Pests on the Farm
Common pests found at livestock farms are flies, fleas, lice, beetles and parasitic mites. Those pest thrive at the farm because of the abundant food sources and ideal breeding conditions. Chemical Pesticides are conventionally used to address these pest problems.
Biological Pest Control can be defined as the use of living organisms (natural enemies) to control a pest organism, the method is also also reffered to as IPM (Integrated Pest Management). This has been the method of choice to control pests problems in the horticultural food production industry such as aphids, white flies, mealy bugs and spider mites since a few decades already. More recently it has proven to give great results in many forms of intensive livestock farming controling mites, flies and beetles.
Why Biological Pest Control?
Nature provides us with solutions to keep a pest in balance with the rest of eco-system. Most pest organisms have one or more natural enemies, these beneficial insects enable us to control a pest by strategically introducing the natural enemy in the eco-system of the animals. Natural enemies like predatory mites, predatory flies or parasitic wasps are capable of providing a solution against pests without the risks and disadvantages caused by pesticides.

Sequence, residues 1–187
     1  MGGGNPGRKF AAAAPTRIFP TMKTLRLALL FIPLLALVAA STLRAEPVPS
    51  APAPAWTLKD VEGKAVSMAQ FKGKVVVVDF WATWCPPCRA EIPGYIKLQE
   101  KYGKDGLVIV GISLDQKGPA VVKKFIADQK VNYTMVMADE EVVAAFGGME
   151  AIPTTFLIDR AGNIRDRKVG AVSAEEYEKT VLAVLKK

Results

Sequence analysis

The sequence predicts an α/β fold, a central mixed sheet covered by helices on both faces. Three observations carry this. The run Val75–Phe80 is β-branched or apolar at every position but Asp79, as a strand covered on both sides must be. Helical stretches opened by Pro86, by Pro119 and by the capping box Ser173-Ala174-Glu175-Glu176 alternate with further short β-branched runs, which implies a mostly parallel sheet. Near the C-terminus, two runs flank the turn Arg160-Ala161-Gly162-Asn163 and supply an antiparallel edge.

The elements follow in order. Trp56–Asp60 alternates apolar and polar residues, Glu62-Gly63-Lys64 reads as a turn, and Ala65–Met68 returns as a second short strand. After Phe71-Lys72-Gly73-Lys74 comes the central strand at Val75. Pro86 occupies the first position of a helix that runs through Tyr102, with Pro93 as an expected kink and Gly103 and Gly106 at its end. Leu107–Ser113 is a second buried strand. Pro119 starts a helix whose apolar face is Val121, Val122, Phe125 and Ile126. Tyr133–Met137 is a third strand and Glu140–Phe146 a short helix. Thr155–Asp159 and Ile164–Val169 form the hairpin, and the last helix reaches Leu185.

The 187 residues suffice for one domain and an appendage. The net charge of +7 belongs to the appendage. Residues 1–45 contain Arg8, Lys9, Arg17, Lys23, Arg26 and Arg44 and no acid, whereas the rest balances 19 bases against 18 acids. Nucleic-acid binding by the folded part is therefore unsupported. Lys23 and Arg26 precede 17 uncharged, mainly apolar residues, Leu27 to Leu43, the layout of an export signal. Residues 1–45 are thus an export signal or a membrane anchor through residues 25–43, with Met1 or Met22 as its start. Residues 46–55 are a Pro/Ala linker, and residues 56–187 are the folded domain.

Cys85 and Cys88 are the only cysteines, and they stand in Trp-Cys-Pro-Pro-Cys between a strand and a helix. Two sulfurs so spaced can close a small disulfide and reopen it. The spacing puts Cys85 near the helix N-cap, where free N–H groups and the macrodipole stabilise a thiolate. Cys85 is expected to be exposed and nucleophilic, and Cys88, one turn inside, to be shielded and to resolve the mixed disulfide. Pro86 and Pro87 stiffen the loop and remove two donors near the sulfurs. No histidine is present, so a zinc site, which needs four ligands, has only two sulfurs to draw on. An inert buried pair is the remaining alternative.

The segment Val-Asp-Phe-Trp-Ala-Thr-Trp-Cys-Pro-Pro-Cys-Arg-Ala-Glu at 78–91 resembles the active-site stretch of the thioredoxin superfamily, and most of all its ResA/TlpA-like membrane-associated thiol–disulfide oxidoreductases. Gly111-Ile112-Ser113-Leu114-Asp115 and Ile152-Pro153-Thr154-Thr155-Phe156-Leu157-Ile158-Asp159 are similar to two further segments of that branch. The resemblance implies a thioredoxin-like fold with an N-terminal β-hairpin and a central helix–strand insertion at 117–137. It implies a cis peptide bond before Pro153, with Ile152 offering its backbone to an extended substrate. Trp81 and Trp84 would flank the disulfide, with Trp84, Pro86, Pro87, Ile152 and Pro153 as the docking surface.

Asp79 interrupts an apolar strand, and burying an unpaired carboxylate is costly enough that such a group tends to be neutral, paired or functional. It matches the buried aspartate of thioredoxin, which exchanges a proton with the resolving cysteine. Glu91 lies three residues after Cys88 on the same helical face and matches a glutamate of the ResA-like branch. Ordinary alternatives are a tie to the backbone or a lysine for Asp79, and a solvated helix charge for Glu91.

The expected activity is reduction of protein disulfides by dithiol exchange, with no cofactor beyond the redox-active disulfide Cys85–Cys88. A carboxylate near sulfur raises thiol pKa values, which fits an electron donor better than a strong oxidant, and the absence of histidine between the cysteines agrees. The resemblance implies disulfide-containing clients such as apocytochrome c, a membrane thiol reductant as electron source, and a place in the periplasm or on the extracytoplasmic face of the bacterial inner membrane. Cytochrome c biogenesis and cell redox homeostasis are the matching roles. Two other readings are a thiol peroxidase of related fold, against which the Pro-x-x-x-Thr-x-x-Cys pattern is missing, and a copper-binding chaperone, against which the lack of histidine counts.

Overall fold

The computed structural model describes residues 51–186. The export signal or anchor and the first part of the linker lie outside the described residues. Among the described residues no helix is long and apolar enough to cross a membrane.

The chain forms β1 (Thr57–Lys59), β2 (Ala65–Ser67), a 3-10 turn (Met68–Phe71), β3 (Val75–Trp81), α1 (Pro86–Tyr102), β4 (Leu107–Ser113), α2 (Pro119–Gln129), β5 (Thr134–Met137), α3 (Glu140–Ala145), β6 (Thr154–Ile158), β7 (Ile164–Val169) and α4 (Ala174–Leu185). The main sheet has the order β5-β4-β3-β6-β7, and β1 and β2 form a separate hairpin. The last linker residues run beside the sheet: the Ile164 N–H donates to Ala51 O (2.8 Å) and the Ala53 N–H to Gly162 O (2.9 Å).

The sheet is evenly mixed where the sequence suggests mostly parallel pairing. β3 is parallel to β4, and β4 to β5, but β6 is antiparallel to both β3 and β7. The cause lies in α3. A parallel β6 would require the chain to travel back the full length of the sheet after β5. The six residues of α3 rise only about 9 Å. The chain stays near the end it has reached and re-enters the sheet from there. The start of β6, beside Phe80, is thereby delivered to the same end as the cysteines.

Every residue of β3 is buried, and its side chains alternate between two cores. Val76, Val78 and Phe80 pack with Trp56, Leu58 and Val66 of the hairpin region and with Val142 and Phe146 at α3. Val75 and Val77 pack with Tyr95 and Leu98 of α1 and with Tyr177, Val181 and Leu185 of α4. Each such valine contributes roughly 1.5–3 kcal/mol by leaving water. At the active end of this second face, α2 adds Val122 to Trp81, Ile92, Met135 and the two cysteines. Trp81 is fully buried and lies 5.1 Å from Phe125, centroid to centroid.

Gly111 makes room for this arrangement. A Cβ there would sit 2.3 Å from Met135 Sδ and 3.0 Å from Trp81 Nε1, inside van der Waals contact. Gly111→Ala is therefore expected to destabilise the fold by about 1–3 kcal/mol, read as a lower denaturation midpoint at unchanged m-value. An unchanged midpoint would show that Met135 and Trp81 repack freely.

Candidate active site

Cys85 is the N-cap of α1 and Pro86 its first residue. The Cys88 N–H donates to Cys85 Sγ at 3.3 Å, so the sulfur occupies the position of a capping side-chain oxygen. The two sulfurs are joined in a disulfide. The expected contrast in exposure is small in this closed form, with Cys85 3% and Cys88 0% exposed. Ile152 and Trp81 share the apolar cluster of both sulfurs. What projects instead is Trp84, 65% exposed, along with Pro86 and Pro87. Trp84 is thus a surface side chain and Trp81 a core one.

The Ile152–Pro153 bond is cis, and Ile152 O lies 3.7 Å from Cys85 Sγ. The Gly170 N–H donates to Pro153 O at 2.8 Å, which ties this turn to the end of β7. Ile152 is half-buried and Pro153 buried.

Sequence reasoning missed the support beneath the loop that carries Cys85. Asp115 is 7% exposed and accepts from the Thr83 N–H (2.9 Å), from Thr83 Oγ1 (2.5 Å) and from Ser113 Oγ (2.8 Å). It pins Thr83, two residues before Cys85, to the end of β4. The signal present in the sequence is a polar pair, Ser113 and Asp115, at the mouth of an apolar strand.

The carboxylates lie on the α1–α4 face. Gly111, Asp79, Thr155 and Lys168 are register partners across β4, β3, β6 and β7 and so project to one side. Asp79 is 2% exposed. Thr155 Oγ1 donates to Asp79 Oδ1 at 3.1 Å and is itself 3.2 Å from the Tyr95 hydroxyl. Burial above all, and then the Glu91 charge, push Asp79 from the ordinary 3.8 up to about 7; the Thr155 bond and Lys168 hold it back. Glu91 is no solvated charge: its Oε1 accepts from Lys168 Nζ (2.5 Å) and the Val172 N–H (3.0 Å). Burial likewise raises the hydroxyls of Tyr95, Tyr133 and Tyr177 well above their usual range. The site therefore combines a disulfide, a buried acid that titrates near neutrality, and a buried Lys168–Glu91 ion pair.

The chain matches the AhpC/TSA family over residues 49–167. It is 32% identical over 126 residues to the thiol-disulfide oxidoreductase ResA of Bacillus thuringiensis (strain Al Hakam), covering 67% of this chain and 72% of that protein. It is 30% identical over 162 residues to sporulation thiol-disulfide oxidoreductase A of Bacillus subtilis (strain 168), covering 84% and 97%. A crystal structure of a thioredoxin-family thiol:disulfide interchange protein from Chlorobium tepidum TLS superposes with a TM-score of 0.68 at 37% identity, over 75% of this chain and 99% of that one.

Chemical pesticides are in many cases harmful for humans, animals and the environment. Using them often starts a vicious circle of having to increase the dose or frequency of treatments since the pest organisms build up resistance against the chemical compound. That’s not all, even if a pesticide does not seem to be in direct contact with what will be our food, there is a big chance it will end up in there eventually. For example, the use of larvicides in livestock manure might sound harmless, however, this manure is often used to fertilise the land to grow arable crops, which we will consume.